Williams also denied during the podcast that he abused a boy, but he didn’t say that he was convicted of misdemeanor assault on a child a month earlier. He also didn’t mention that he had been given the opportunity to have the charges dismissed if he abided by the conditions of his probation.

One of those conditions was that he complete 24 hours of community service within 120 days. Williams said in the telephone interview Wednesday night that he mistakenly did his community service work through an organization that had not been approved by the court.

The District Attorney’s Office has a different account.

“He never provided any proof to the court that he completed community service,” Senior Assistant District Attorney Alicia Marks said in a message to West. “He was supposed to submit it to the court within 120 days of the plea, and he did not. He was supposed to immediately obtain a mental health assessment, complete treatment and provide regular reports to the court of his treatment every six months, and he did not.”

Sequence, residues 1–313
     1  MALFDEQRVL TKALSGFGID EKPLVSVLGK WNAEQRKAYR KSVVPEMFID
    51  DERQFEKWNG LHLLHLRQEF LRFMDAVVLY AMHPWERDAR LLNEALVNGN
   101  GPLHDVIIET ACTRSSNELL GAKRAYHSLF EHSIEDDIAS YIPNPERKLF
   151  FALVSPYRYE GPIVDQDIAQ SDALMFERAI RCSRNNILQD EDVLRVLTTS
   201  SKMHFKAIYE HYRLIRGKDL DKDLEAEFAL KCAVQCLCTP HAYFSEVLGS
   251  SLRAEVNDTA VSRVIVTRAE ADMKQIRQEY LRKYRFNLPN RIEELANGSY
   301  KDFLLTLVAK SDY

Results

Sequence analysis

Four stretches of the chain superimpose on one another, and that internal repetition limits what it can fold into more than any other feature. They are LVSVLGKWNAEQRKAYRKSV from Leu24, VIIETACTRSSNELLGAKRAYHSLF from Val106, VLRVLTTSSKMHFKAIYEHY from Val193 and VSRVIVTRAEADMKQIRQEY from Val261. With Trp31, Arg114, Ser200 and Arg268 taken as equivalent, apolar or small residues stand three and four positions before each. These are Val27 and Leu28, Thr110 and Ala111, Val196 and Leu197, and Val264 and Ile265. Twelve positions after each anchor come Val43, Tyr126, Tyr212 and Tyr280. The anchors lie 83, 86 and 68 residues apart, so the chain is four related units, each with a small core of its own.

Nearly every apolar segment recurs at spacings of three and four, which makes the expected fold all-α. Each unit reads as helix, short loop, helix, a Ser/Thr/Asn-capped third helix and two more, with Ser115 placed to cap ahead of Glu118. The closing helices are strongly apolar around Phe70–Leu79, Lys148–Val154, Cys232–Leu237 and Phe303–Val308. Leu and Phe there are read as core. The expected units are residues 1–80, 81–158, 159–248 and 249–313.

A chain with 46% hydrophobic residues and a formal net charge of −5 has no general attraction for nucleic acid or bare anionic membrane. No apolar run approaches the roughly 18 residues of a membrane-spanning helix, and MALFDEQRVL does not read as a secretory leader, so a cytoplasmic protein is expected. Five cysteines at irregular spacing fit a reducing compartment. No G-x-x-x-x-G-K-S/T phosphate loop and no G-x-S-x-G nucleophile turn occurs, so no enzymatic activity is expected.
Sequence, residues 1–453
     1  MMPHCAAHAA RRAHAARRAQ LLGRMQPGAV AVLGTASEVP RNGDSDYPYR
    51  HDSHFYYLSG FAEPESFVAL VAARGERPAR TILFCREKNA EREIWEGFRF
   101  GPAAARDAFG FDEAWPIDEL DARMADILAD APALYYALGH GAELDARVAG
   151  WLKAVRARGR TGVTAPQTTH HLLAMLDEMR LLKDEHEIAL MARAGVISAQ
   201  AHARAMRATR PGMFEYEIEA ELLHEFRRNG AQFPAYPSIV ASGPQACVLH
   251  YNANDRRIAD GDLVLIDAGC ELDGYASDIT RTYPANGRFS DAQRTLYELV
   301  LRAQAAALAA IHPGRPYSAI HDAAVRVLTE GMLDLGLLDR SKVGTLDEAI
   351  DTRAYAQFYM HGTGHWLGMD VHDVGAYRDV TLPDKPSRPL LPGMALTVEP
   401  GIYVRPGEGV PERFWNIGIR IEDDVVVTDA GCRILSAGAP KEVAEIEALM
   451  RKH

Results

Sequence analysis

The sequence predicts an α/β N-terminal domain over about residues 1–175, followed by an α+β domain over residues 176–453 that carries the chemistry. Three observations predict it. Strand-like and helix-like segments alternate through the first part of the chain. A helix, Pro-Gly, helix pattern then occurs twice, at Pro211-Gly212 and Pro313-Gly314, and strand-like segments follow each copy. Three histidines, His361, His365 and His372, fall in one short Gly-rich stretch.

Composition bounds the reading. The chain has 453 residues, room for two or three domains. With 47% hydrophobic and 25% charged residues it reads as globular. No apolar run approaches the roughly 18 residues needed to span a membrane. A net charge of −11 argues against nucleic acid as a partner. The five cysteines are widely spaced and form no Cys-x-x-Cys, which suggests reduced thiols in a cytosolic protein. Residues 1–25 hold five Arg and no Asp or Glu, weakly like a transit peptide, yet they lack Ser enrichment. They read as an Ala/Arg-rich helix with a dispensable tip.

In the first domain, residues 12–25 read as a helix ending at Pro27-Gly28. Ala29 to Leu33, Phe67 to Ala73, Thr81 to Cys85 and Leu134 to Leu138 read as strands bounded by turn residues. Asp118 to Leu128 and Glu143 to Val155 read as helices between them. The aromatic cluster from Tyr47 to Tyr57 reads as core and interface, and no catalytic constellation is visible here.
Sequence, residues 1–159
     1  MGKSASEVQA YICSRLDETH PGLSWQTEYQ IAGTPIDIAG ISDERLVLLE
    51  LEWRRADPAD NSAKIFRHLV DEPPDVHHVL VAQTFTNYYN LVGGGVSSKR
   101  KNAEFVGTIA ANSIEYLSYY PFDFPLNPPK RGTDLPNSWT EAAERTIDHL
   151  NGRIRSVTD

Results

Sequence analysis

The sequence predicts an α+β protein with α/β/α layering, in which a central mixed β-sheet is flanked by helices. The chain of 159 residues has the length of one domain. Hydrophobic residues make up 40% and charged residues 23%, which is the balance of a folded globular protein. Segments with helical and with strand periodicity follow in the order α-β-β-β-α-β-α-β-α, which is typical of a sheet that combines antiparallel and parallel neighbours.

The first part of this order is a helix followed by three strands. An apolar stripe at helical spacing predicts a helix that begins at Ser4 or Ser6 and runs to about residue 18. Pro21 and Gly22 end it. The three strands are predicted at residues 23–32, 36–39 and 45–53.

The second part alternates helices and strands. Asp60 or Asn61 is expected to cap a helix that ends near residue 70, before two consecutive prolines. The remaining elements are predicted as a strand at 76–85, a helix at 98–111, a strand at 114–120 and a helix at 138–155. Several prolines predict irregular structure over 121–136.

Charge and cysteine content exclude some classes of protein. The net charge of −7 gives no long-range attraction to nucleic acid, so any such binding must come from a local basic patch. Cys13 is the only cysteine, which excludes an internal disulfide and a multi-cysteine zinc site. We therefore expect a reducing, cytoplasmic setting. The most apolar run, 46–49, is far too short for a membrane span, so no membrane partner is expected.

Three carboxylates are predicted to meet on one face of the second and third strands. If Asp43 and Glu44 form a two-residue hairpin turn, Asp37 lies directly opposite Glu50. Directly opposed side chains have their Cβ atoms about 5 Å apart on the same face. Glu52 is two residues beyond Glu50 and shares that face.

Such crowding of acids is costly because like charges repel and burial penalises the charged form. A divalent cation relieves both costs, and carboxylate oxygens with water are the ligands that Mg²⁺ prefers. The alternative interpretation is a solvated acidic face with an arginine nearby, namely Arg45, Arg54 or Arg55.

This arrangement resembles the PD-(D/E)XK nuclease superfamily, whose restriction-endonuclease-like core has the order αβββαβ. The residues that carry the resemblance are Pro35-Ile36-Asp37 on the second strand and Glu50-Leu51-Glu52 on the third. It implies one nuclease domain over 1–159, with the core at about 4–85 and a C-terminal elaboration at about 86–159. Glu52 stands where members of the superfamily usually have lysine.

Williams said he did nothing inappropriate with the boy. He said his former wife threatened to tell the media he had abused a child unless he paid her $2,800 in monthly child support. If he agreed to her demands, Williams said, his ex-wife told him she would “squash the story.” He said he didn’t agree, and the story went public. Williams’ former wife could not be reached for comment.

According to a grand jury indictment, Williams “did unlawfully, willfully and feloniously take and attempt to take immoral, improper and indecent liberties … for the purpose of arousing and gratifying sexual desire” with a child under the age of 16.

Despite his conviction, Williams denies that ever happened.

“It was actually nothing more than grabbing him and sitting him down and disciplining him,” Williams said. “But she (the ex-wife) took it to another level and had no evidence of anything.”

Williams insists that he was convicted only of hitting a boy — not sexually abusing him —  and emphazied that the original felony charge of taking indecent liberties with a child was lowered to the misdemeanor charge of assault on a child under age 12.

The matter of a lien